A rhumb line is a line which crosses all meridians at the same angle. Such a route is of constant true heading. This property is the reason rhumb line navigation was invented, and Mercator maps created.
On a Mercator map you just draw the straight line between the two points. This means you can always draw a route between two arbitrary places. E.g. let's connect:
- Rio de Janeiro
- Nome, a small city in Alaska
- An abitrary point at coordinates lat = 85°, lon = 0°.
Dotted lines show how the route completes pole-to-pole (full rhumb lines)
On most projections, rhumb lines appear as curves spiraling between poles, e.g. on this orthographic projection:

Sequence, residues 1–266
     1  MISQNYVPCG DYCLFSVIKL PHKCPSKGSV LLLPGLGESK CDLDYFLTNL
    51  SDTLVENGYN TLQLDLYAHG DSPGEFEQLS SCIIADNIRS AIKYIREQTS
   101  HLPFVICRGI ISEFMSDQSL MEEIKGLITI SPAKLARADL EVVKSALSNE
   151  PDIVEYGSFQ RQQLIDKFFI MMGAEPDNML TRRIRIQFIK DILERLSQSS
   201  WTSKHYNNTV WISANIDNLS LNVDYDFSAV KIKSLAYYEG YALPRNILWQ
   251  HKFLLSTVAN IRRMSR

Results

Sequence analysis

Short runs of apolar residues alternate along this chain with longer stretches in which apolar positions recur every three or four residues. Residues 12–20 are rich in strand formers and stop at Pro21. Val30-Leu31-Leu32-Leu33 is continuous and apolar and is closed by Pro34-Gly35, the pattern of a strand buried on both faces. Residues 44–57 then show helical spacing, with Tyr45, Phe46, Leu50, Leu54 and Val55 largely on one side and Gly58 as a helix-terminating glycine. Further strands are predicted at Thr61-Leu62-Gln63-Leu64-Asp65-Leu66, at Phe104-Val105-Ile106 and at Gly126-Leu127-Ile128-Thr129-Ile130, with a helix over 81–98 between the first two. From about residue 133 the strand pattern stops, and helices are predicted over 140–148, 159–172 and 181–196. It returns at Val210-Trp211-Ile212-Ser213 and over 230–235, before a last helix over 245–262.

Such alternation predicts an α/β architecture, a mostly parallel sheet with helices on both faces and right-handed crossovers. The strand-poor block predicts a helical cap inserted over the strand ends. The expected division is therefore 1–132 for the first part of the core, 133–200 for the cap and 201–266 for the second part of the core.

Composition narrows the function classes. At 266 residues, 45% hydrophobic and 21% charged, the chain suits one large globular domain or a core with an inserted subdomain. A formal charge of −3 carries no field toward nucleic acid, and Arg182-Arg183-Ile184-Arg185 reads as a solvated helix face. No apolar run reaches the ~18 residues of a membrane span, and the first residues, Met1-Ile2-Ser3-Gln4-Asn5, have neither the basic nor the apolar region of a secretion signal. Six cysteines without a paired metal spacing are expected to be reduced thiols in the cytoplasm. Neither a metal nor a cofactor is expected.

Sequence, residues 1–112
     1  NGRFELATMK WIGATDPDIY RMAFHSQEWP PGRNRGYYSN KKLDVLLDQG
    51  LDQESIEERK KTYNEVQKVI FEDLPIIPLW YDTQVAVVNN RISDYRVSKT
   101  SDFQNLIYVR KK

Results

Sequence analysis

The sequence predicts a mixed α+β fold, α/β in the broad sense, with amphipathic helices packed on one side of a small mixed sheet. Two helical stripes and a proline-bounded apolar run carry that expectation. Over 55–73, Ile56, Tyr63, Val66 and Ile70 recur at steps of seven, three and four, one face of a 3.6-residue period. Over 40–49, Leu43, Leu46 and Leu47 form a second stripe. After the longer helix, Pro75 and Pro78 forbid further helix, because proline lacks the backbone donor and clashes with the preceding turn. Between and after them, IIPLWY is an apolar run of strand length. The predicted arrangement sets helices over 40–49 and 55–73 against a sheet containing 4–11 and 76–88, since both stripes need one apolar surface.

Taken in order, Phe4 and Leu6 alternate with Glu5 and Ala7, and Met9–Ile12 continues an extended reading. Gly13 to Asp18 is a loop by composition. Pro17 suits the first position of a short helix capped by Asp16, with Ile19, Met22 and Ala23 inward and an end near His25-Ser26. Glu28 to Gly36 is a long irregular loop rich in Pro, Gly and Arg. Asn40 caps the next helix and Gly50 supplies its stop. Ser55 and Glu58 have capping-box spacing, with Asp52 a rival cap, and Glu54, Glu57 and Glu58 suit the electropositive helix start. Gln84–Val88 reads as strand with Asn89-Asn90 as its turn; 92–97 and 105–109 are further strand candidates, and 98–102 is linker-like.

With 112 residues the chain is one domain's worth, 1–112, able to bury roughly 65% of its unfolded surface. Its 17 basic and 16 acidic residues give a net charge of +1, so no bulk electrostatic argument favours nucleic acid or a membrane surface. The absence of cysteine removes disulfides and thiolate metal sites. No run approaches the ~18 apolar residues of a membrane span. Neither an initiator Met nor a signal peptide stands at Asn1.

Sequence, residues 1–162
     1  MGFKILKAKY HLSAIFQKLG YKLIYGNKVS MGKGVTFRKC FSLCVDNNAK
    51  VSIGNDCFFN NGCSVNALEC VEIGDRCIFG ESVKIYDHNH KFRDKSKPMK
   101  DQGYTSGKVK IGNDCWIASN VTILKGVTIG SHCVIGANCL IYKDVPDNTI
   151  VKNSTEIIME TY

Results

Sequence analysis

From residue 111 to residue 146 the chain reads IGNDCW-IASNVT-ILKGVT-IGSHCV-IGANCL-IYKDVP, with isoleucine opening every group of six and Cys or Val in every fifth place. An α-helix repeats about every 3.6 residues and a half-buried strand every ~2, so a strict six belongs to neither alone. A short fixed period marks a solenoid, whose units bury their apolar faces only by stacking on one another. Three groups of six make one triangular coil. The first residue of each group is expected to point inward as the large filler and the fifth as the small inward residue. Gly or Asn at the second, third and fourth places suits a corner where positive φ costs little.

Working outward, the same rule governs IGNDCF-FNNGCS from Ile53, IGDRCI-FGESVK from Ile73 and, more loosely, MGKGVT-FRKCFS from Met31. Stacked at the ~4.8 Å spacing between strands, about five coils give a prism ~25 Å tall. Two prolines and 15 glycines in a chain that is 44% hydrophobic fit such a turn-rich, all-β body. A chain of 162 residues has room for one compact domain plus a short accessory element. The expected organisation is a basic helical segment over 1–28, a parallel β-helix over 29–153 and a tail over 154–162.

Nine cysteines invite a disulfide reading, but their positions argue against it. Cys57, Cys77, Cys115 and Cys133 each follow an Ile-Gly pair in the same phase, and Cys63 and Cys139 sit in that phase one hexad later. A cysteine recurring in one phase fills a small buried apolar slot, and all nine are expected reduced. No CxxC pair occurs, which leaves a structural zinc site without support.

Why rhumb line navigation in the first place?
16th century navigators knew perfectly the shortest route was a great circle. But following a great circle requires constant and precise heading adjustments.
To simplify navigation, they split a great circle route into segments, and navigated each segment as a rhumb line, that is a route within the same rhumb, a rhumb being 1/32th of compass rose (a 32-point rose was often part of the map). They adjusted the heading only at the beginning of the next segment, possibly after they confirmed their position using a sextant.
They used maps just invented by Gerardus Mercator for the purpose of facilitating drawing rhumb lines and determining headings.
Aircraft with computerized navigation systems and autopilots are able to adjust the heading as required. They restored the interest in pure great circle navigation.